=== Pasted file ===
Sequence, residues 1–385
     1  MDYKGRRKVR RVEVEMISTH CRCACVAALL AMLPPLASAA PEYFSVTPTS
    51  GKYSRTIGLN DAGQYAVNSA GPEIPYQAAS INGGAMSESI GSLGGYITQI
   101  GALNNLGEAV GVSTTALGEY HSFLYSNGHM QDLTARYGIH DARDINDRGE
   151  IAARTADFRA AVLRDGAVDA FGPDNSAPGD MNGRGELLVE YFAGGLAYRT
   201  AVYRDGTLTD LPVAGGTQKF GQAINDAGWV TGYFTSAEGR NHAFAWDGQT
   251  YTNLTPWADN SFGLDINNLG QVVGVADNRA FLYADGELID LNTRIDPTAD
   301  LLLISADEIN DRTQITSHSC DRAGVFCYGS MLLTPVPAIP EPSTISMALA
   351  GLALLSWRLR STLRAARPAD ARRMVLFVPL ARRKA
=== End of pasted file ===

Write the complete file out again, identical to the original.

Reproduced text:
Sequence, residues 1–385
     1  MDYKGRRKVR RVEVEMISTH CRCACVAALL AMLPPLASAA PEYFSVTPTS
    51  GKYSRTIGLN DAGQYAVNSA GPEIPYQAAS INGGAMSESI GSLGGYITQI
   101  GALNNLGEAV GVSTTALGEY HSFLYSNGHM QDLTARYGIH DARDINDRGE
   151  IAARTADFRA AVLRDGAVDA FGPDNSAPGD MNGRGELLVE YFAGGLAYRT
   201  AVYRDGTLTD LPVAGGTQKF GQAINDAGWV TGYFTSAEGR NHAFAWDGQT
   251  YTNLTPWADN SFGLDINNLG QVVGVADNRA FLYADGELID LNTRIDPTAD
   301  LLLISADEIN DRTQITSHSC DRAGVFCYGS MLLTPVPAIP EPSTISMALA
   351  GLALLSWRLR STLRAARPAD ARRMVLFVPL ARRKA